Should there be taxes on car-sharing?

IRS attorneys report that an unpublished study from DePaul University indicates car sharing services pay an unfair amount of taxes. These IRS tax lawyers say the study suggests many car-sharing reservation periods last less than an hour, and yet the car-sharing transactions are typically taxed at more than double the prevailing sales tax rates. In fact, IRS tax attorneys familiar with the study say that in 7 of the 25 largest cities, the tax rate for one hour reservations were over 30%.

According to the DePaul University report, the number of Americans participating in car-sharing membership is up in 2011 (approximately 15%) as compared with 2010. In some states, car-sharing members are taxed on a per transaction basis. IRS attorneys point to states like New Jersey which charges $5 per transaction, even though the member may have only used the car for half an hour.

IRS tax lawyers maintain that taxing car-sharing transactions which are less than 24 hours, undermines the public policy to encourage fewer cars on the road, and frustrates the government’s efforts to cut spending on road repairs, parking, and safety services (i.e. traffic enforcement). If fact, some IRS attorneys note that a few States have finally started to get it right. In Chicago, for example, the City now exempts car-sharing reservations which are less than 24 hours from its 8% personal property lease transaction tax. And in the City of Boston, a $10 transaction fee is applied only to the first car-sharing reservation in a member’s annual contract.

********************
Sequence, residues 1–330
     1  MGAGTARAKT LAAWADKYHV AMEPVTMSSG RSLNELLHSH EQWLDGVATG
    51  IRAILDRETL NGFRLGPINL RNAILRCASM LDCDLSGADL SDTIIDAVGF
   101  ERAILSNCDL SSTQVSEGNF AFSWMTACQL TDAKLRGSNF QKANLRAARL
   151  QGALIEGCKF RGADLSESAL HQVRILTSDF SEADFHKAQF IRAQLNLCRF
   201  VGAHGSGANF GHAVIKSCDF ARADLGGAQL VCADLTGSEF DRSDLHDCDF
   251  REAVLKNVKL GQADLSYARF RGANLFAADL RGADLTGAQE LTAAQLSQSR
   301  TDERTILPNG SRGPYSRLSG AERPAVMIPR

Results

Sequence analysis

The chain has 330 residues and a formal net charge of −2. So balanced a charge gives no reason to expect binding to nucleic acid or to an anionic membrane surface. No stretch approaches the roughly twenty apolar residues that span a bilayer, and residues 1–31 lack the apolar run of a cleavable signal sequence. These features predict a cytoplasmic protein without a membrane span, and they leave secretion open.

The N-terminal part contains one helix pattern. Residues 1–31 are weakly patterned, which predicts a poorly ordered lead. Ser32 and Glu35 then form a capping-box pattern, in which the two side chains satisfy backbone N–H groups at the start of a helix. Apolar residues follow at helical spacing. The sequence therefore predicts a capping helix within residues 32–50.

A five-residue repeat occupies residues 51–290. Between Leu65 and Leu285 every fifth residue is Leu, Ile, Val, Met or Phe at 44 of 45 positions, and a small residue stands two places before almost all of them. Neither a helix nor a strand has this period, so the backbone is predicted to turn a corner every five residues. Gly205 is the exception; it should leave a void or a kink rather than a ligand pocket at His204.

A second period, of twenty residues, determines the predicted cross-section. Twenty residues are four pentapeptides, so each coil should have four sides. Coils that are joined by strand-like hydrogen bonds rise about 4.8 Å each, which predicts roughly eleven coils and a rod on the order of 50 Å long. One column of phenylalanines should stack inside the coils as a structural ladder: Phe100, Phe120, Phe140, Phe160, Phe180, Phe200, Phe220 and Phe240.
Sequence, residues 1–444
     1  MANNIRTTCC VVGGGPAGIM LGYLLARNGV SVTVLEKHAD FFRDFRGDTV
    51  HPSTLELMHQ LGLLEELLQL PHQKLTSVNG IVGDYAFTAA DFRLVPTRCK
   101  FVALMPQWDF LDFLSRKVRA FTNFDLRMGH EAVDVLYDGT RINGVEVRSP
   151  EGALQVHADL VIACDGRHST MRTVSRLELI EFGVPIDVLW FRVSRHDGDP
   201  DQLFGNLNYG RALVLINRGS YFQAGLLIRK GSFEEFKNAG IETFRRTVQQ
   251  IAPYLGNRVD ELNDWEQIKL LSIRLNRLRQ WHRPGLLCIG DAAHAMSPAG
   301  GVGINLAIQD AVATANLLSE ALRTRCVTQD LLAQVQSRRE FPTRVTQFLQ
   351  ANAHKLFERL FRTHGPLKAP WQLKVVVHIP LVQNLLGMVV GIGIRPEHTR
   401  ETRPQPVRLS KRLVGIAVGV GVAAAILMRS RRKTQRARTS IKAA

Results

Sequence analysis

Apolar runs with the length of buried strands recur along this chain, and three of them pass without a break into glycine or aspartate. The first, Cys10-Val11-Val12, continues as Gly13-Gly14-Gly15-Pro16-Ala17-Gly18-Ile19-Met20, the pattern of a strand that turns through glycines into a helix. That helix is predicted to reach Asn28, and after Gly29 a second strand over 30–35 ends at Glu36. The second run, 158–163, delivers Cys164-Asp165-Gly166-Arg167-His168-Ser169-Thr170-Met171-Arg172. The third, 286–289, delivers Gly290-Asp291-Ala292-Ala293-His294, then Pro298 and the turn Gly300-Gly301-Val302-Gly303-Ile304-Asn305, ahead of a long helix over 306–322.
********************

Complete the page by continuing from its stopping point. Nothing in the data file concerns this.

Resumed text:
Of course, car rental companies which don’t offer a car-sharing alternative (Avis and Budget) take the position that car-sharing is nothing more than a car rental for a shorter time period and should be taxed comparably to any other car rental. Alternatively, companies like Enterprise, which does offer car-sharing options through its WeCar company, assert any car rental excise taxes are just plain wrong.

IRS tax attorneys contend that while posturing by car rental companies expectedly track with what’s in their best financial interests, the public is better served by not singling out a class of conscientious consumers who are contributing to a greener alternative and saving the government’s money and resources. Other experts agree as well. Take Roland Hwang, the Transportation Program Director at the Natural Resources Defense Council who claims “It’s penny-wise, pound-foolish to tax car sharing…”

With increasing usage of car-sharing reservations across the United States, many IRS attorneys say it is wiser for the government to encourage such alternatives rather than to tax those options out of business. After all, aren’t we trying to reduce the number of vehicles on the road for several good reasons? And if so, then why does it make sense for the government to impose taxes which defeats the purpose?

 

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